Otters on the Kaw: Kansas Riverkeeper finds evidence of elusive mammal in Douglas County

photo by: Shutterstock

A North American river otter is pictured in this undated photo.

Ever since she became the Kansas Riverkeeper in 2015, Dawn Buehler has been looking for evidence of otters on the Kansas River.

But while traveling the river, kayaking about 700 miles a year, Buehler said she struggled to find anything related to the animal.

Recounting her efforts, Buehler, who is also the executive director of the Friends of the Kaw organization, recently told the Journal-World that she would constantly find tracks of animals on sandbars and the banks of the river. Those would normally be from deer, birds and beavers.

But when she found something that looked like an otter’s tracks, she would message author George Frazier, who wrote “The Last Wild Places of Kansas,” to confirm her suspicion.

“I would say, ‘George, otter tracks?'” Buehler said. “(He would respond), ‘No, Dawn, raccoon.”

But last year, Buehler said she found tracks that she was sure came from an otter.

In September, while she and a crew were inspecting the river for damage caused by summer flooding, Buehler stopped on a sandbar between the communities of St. George and Wamego in Pottawatomie County.

“I got out of my kayak, and the very first thing I saw was what I thought were otter tracks,” she said. “So I sent them to George: ‘Otter tracks? I’m certain George, these have to be otter tracks.’ And he wrote me back and said, ‘You finally found them.'”

A few months later, Buehler found more otter tracks — coincidentally with Frazier joining her this time — along the river in Douglas County. On Dec. 23, she posted on the Friends of the Kaw social media accounts about the discoveries, including a photo of the tracks they found along the river between Lecompton and Lawrence.

“Now I can say, for sure, that I have seen proof that the otter is on the Kansas River,” she said.

photo by: Contributed photo

These otter tracks in sand along the Kansas River between Lecompton and Lawrence were found by Dawn Buehler, the Kansas Riverkeeper and executive director for the Friends of the Kaw organization. Buehler posted this photo to the organization’s social media accounts on Dec. 23, 2019.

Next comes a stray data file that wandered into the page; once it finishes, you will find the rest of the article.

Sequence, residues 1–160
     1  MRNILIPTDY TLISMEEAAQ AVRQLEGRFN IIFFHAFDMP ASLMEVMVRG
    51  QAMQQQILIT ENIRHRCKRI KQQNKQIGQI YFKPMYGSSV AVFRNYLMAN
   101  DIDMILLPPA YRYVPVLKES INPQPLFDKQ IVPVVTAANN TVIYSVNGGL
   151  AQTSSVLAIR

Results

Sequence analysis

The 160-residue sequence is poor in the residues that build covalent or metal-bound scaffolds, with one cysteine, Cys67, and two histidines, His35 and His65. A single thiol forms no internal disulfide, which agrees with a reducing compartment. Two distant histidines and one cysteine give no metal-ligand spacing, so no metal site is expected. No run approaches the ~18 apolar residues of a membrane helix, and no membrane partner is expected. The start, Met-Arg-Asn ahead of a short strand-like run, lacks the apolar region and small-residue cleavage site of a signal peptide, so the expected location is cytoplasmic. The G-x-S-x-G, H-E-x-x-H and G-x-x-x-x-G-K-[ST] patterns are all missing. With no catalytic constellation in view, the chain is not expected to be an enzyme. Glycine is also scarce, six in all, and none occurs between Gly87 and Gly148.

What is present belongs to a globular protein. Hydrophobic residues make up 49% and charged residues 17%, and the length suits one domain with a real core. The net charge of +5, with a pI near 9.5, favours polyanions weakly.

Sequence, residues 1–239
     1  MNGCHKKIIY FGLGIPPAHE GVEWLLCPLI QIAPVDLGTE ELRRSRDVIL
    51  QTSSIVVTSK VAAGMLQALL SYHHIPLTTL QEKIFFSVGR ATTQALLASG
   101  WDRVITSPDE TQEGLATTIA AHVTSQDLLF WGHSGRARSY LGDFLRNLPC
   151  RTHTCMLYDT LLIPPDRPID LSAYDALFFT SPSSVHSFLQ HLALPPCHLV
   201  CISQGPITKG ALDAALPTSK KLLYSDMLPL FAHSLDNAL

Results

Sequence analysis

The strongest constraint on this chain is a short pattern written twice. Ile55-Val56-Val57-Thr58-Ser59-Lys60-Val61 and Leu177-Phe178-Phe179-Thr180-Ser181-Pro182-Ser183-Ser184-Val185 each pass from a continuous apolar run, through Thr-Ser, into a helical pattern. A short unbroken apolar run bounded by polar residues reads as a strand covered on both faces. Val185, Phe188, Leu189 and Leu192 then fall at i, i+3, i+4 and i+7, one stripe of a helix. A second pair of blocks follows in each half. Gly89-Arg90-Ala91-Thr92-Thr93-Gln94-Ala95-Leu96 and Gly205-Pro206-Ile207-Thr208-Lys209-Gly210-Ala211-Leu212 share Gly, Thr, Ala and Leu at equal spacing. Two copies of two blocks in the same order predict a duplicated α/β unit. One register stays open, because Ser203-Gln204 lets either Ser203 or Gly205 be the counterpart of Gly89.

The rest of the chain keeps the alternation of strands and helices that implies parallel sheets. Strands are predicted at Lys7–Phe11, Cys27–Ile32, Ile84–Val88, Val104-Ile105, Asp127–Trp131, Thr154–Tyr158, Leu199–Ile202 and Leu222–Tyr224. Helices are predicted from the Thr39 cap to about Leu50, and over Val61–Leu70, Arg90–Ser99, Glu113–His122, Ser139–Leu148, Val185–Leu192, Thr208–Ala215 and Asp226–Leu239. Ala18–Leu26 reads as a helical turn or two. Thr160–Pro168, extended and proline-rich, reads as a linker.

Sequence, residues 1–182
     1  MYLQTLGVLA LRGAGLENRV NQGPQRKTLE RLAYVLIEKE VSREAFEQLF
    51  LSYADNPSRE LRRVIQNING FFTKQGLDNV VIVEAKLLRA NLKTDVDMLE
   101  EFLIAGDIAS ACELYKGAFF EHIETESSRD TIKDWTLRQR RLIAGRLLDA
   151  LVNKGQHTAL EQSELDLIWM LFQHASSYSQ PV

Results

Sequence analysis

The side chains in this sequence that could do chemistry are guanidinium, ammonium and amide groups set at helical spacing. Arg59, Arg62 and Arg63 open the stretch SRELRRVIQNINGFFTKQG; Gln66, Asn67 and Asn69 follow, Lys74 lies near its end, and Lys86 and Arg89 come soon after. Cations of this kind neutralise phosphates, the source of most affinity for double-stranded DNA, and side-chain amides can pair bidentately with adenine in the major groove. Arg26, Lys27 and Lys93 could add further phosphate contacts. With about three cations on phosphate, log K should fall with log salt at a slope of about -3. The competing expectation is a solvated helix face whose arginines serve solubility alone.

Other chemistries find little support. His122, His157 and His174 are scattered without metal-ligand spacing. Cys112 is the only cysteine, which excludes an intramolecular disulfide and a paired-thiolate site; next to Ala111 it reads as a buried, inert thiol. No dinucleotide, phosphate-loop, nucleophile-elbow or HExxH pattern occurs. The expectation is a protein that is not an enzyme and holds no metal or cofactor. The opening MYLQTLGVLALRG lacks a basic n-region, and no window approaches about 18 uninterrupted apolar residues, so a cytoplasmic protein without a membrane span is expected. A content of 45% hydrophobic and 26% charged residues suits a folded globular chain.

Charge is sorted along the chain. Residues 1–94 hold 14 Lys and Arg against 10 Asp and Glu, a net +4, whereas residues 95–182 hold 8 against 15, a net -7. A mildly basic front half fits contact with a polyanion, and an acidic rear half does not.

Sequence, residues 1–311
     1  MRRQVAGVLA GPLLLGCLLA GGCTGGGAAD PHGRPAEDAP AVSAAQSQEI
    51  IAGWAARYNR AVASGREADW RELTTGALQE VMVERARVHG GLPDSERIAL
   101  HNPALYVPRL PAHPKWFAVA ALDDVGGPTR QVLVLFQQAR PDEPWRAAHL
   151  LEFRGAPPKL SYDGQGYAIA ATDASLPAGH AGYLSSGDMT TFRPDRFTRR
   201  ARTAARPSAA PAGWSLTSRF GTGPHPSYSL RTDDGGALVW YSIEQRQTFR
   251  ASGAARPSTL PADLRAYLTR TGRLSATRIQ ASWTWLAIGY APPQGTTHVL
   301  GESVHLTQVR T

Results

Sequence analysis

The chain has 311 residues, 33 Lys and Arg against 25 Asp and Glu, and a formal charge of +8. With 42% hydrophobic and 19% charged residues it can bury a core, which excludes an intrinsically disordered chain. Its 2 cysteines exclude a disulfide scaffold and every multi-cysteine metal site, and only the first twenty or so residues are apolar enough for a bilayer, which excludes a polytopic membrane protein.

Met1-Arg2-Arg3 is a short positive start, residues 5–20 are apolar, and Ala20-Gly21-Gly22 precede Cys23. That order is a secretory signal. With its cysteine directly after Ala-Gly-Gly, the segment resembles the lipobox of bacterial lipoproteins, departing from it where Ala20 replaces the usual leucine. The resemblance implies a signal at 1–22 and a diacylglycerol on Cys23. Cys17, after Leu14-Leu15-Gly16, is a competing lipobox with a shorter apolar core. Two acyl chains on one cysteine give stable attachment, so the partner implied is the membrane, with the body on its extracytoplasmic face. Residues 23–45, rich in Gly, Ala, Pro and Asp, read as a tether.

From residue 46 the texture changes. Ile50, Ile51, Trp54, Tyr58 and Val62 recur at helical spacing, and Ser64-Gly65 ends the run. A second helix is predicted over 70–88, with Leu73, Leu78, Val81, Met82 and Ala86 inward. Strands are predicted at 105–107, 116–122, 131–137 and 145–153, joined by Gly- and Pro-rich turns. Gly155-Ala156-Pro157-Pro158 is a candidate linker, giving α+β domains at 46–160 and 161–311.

As Buehler’s experience shows, spotting otters in Kansas can be difficult. But that does not mean they aren’t out there, said Matt Peek, a wildlife research biologist for the Kansas Department of Wildlife, Parks and Tourism.

The type of otter found in Kansas is the North American river otter, according to the department’s website. In the early 1800s, that type of otter was believed to be common along major rivers and streams in the state.

But the mammals were wiped out during the settlement of the state as a result of people over-harvesting their fur and polluting their habitats. In 1904, the last reported otter of that period was trapped near Manhattan, according to the department.

In recent years, however, the otters have been making a comeback. In the 1980s, otters from Idaho and Minnesota were reintroduced into Kansas at the Cottonwood River in Chase County. Additionally, otters began moving into Kansas after Missouri released more than 800 otters into the wild between 1982 and 1992.

Since their reintroduction to Kansas, otters have been spotted a handful of times in the Douglas County area, particularly in the Baker Wetlands, Peek said. According to previous Journal-World reporting, an otter was first spotted in the Baker Wetlands back in 2008.

Peek said otters were thriving in other parts of the state, usually along rivers in southeast Kansas. However, they can be hard to find because they are “fairly nocturnal,” and it’s not in their best interest to be seen by humans, he said.

“They can exist around people relatively unnoticed,” Peek said. “Their status in the state is good. They’ve been increasing here for several decades.”

Although the otters have been thriving elsewhere, Buehler said there had not been evidence of them on the Kansas River.

“We have seen indications of otters on the tributaries of the Kansas River,” Buehler said, including the Wakarusa River. “But the Kansas River is a much bigger river system, and we’ve been looking for signs of them because they really are sensitive to water pollution and habitat loss.”

While the newly discovered evidence of the otters on the river is a victory for conservation efforts, Buehler said it was also a good sign of the water quality of the river, which provides drinking water to many Kansans. The City of Lawrence uses the river and Clinton Lake as its two water sources.

Buehler said several initiatives to improve the river’s water quality — such as better farming practices and better storm water drainage methods in urban areas — have likely contributed to the resurgence in otters.

“When you look and see that we are finding otters on the Kansas River, to me that’s a sign of improvement,” she said. “So it was pretty exciting to know that they are there, that they are surviving and that they are thriving.”

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